(MENAFN- AFP) Cyprus Central Bank chief Panicos Demetriades said on Monday the main challenge still facing the country's troubled banking sector after last year's bailout haircut is clawing back bad debt.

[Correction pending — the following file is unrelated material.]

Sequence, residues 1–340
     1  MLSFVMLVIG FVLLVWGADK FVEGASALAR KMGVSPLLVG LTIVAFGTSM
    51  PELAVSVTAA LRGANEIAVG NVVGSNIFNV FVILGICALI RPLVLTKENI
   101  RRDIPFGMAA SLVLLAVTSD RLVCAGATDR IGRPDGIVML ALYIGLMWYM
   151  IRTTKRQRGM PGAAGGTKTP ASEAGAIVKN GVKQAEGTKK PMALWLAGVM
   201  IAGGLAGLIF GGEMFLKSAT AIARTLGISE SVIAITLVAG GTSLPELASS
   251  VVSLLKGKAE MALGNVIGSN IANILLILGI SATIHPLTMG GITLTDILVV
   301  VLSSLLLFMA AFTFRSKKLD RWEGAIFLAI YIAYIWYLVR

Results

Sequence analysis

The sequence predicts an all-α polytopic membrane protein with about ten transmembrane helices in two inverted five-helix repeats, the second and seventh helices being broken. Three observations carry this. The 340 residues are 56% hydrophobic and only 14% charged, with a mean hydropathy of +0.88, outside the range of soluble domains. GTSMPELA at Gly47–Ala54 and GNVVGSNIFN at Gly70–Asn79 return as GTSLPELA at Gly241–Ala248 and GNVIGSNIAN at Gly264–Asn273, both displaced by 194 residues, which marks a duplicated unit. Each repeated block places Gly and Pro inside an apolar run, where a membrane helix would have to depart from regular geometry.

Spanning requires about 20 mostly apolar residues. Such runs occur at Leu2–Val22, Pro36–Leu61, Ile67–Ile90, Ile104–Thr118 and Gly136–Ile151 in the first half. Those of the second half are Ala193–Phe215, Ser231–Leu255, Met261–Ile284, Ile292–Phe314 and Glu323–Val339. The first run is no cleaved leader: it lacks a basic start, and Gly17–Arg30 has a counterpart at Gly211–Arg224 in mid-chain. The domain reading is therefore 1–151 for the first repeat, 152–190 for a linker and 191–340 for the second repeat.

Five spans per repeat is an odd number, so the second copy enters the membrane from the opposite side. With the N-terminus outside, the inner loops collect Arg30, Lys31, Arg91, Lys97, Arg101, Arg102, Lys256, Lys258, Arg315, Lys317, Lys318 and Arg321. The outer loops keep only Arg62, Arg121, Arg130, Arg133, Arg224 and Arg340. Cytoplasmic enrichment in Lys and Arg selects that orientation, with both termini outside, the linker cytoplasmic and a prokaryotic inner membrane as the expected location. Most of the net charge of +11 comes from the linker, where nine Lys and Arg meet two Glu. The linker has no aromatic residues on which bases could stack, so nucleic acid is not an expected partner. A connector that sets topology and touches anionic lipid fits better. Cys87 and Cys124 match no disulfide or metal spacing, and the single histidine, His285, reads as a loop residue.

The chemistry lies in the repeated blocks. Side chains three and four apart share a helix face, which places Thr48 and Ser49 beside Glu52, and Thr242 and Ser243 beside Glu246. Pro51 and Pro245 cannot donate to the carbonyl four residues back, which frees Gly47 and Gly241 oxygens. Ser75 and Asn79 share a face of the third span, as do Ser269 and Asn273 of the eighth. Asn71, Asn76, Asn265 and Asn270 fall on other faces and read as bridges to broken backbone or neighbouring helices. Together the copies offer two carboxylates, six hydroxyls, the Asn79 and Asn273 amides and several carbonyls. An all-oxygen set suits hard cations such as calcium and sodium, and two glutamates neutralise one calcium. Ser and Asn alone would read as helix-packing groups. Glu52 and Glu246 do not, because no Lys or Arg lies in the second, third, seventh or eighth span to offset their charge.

"Arrears management and loan restructuring is one of the most challenging issues currently facing the banking sector in Cyprus in its path to the restoration of financial soundness," Demetriades told a conference.In return for 10 billion euros ($14 billion) in aid from a troika of international lenders, the island in March agreed to wind down its second largest bank -- Laiki -- and impose losses on depositors in the Bank of Cyprus, the under-capitalised largest lender.The unprecedented eurozone "haircut" on deposits forced the government to close all the island's banks for nearly two weeks in March and impose draconian controls when they reopened.Restrictions -- Cyprus is the only eurozone state to have them -- are being eased but a 300 euro daily withdrawal limit remains in place.Banking sector bad loans will be on the agenda when the troika of international lenders begin their third assessment of the Cypriot economy on Wednesday.Demetriades said Cyprus entered the financial crisis with large private sector indebtedness accumulated over decades, similar to the situation in Iceland, which faced a banking meltdown, and in fellow bailout recipient Ireland."Private sector indebtedness peaked at over 500 percent of GDP (gross domestic product) in Iceland, and 300 percent in Ireland. By comparison, private sector indebtedness stands at 300 percent in Cyprus," he said.Demetriades said the problem could be "addressed and defused" such as through a targeted case-by-case approach to debt restructuring, effective arrears management and the strengthening of the legal framework.He added that loans should be assessed by shifting lending from asset-based criteria to assessing the ability to repay."Asset-based lending is no longer acceptable and ability to repay should be the main criterion that governs a credit approval decision," said Demetriades."Collateral should be just that, an added layer of security in case things do not evolve as expected, and should not be expected to be the primary source of repayment."The Central Bank, he added, would conduct an assessment of credit institutions' effectiveness, operational capacity, and arrears management policies in the first half of 2014.
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